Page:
A Strange Disappearance
"Would to God you were right; but the long golden braids! Such hair as hers I
never saw on anyone before."
"Mr. Blake is right," I broke in, for I could not endure this scene any longer. "The
woman taken out of the East river to-day has been both seen and spoken to by
him and that not long since. He should know if it is his wife."
"And isn't it?"
"No, a thousand times no; the girl was a perfect stranger."
The assurance seemed to lift a leaden weight from her heart. "O thank God," she
murmured dropping with an irresistible impulse on her knees. Then with a
sudden return of her old tremble, "But I was only to reveal her secret in case of
her death! What have I done, O what have I done! Her only hope lay in my
Mr. Blake leaning heavily on the table before him, looked in her face.
"Mrs. Daniels," said he, "I love my wife; her hope now lies in me."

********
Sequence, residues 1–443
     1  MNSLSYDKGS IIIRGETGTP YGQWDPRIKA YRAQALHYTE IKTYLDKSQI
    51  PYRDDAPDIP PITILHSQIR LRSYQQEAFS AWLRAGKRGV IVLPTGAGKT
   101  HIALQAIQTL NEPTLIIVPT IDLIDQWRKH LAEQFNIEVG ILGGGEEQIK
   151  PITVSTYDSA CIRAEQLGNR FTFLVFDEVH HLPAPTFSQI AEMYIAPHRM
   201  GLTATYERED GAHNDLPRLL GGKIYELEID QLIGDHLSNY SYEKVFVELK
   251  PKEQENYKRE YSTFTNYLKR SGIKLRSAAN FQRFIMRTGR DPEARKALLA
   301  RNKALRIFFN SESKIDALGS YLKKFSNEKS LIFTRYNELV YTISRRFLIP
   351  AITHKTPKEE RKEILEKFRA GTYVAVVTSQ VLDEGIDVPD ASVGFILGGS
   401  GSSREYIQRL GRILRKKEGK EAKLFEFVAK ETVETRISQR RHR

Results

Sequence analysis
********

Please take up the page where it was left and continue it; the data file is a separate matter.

She leaped to her feet with a joyous bound. "You love her? O thank God!" she
again reiterated but this time in a low murmur to her self. "Thank God!" and
weeping with unrestrained joy, she drew back into a corner.
Of course after that, all that remained for us to do was to lay our heads together
and consult as to the best method of renewing our search after the unhappy girl,
now rendered of double interest to us by the facts with which we had just been
made acquainted. That she had been forced away from the roof that sheltered
her by the power of her father and brother was of course no longer open to
doubt. To discover them, therefore, meant to recover her. Do you wonder, then,
that from the moment we left Mr. Blake's house, the capture of that brace of
thieves became the leading purpose of our two lives?